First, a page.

CBD FOR BETTER SLEEP

Hundreds of thousands of people with problems falling asleep or staying asleep are using CBD with great success. In fact sleep disorders, such as insomnia, sleep apnea, restless leg syndrome, nightmares and bruxism, are one of the main reasons people take CBD-oil. 

Poor sleep can lead to anxiety, pain, depression, poor memory, anger and increased risk of cardiovascular disease. Some are saying sleep is the missing link to many health issues. During sleep we store memories, remove toxins in the brain, repair tissue, build immunity, control blood sugar (related to diabetes) and regulate hormones. 

How does CBD help sleep? CBD acts on a type of receptor in the brain called 5-HT1A that controls the release and re-uptake of Serotonin. Serotonin is a precursor to Melatonin, which is a hormone that regulates the sleep-wake cycle. Through affecting the 5-HT1A receptor, CBD can increase serotonin levels, thereby resulting in higher levels of melatonin, and as a result, improve sleep, without any side effects. 

One study from January of 2019 treated 72 adults with CBD for anxiety and sleep disorder. The result showed that anxiety scores decreased within the first month in 57 patients (79.2%) while sleep scores improved within the first month in 48 patients (66.7%).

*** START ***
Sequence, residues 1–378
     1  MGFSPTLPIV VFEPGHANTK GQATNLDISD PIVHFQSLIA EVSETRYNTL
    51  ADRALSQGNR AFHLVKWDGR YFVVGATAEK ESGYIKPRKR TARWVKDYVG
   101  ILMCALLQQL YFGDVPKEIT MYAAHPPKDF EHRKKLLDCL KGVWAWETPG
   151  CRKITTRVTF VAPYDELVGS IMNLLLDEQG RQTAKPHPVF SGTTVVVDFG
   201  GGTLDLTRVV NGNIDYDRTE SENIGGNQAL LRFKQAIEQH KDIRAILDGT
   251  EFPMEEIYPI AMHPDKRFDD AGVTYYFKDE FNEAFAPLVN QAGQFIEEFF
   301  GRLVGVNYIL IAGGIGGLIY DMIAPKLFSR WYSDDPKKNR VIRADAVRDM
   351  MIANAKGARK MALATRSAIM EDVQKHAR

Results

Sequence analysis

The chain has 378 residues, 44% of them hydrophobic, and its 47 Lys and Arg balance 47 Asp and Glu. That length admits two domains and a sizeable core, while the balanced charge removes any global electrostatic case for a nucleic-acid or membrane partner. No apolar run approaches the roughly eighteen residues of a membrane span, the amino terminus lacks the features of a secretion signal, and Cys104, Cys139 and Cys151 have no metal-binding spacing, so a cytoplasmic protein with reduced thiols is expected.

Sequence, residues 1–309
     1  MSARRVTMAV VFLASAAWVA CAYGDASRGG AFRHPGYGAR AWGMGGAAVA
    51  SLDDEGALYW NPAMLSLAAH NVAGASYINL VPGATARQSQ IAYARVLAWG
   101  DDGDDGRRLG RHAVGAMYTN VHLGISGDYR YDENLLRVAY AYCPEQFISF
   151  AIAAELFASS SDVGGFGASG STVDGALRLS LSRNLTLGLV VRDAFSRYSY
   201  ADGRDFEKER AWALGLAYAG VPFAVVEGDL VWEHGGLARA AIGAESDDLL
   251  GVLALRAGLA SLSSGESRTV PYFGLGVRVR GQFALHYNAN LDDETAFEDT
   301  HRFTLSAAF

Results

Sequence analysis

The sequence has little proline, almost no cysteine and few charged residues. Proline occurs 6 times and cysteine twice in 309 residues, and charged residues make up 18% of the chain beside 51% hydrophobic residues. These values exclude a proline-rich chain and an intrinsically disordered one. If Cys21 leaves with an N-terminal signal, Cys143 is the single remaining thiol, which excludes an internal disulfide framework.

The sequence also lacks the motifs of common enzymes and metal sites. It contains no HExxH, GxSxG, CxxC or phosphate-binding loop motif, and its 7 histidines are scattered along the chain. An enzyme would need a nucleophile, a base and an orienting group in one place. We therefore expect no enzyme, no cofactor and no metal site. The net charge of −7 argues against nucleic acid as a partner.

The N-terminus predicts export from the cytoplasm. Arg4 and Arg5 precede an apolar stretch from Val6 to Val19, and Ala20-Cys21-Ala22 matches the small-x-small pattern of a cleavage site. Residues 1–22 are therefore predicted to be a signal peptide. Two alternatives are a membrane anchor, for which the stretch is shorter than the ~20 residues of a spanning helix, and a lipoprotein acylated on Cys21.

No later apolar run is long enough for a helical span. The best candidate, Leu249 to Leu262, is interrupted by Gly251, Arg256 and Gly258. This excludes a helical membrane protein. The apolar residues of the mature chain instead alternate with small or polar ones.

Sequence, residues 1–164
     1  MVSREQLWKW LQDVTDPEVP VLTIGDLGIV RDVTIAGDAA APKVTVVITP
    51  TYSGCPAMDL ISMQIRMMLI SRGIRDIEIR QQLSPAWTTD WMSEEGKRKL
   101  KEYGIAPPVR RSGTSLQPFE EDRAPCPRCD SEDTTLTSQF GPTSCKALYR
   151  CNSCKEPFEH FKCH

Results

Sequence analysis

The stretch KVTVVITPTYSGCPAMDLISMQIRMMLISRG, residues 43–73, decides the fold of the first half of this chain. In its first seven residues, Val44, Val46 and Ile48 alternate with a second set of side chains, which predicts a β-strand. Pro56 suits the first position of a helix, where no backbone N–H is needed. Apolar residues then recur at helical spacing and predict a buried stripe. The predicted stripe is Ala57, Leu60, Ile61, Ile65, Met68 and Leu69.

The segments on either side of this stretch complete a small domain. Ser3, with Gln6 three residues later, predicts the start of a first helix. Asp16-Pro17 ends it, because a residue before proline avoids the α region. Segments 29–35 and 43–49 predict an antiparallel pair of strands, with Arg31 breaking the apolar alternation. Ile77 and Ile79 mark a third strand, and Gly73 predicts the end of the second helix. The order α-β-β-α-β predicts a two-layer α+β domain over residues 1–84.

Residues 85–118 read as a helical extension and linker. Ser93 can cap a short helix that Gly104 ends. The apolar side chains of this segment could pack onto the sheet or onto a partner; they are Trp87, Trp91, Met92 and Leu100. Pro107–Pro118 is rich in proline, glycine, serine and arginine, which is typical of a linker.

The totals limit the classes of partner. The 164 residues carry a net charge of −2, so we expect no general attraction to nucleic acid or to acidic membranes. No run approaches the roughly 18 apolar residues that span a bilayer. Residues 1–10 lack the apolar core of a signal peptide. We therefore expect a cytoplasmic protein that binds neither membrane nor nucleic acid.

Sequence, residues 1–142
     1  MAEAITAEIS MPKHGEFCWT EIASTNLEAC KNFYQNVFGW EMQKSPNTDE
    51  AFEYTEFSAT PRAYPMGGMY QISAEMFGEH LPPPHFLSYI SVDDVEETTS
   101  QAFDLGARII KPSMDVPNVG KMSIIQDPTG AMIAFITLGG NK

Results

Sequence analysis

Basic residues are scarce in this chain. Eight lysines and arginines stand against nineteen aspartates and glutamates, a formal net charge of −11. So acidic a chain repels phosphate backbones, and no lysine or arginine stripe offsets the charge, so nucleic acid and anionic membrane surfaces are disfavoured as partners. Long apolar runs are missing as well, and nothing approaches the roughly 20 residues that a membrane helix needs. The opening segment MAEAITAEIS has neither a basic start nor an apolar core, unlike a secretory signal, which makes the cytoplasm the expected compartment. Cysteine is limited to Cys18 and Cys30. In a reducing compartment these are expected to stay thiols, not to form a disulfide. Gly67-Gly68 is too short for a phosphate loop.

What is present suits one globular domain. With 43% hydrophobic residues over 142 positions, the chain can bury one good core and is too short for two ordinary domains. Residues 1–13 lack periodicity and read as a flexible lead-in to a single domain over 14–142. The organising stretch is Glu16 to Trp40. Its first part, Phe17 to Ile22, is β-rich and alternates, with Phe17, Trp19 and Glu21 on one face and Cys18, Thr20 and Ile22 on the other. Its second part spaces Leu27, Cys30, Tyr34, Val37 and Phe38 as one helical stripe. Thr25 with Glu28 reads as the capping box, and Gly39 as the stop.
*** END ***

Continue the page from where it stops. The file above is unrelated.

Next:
Be aware that CBD in low doses can in some people be alerting. For sleep we recommend starting with 25 mg (approximately 5 drops of 10% concentration) of CBD before bedtime, but in some cases as much as 160 mg is needed. 

Finding the perfect serving is a little bit of an experiment when it comes to CBD oil. For example, Dr. Frank Michalski, an experienced MD on the use of CBD, says that pre-menopause women seem to require more for sleep as opposed to post-menopause women.  

On of the side effects CBD users have noticed if they take too much is some increased sleepiness.  So if you overshoot, the side effect may be exactly what you’re seeking

If CBD is not helping your sleep, you want to consider other factors. For some, its poor sleep habits, like not maintaining a regular sleep schedule or staring at the blue light form your phone while your body is trying to wind down. But for others there might be underlying medical disorders that make you more susceptible for insomnia like hypoxemia (abnormally low blood O2 levels), dyspnea (difficult breathing), acid reflux, alcohol intake, or neurological diseases. 

Reference:

https://www.ncbi.nlm.nih.gov/pmc/articles/PMC6326553/?fbclid=IwAR16xvppeQglx8lwYiLRo_j0DBbqEZ6rsCm-cNcjce-rgd5JvbdxBQyY3tY

https://www.ncbi.nlm.nih.gov/pubmed/24726015

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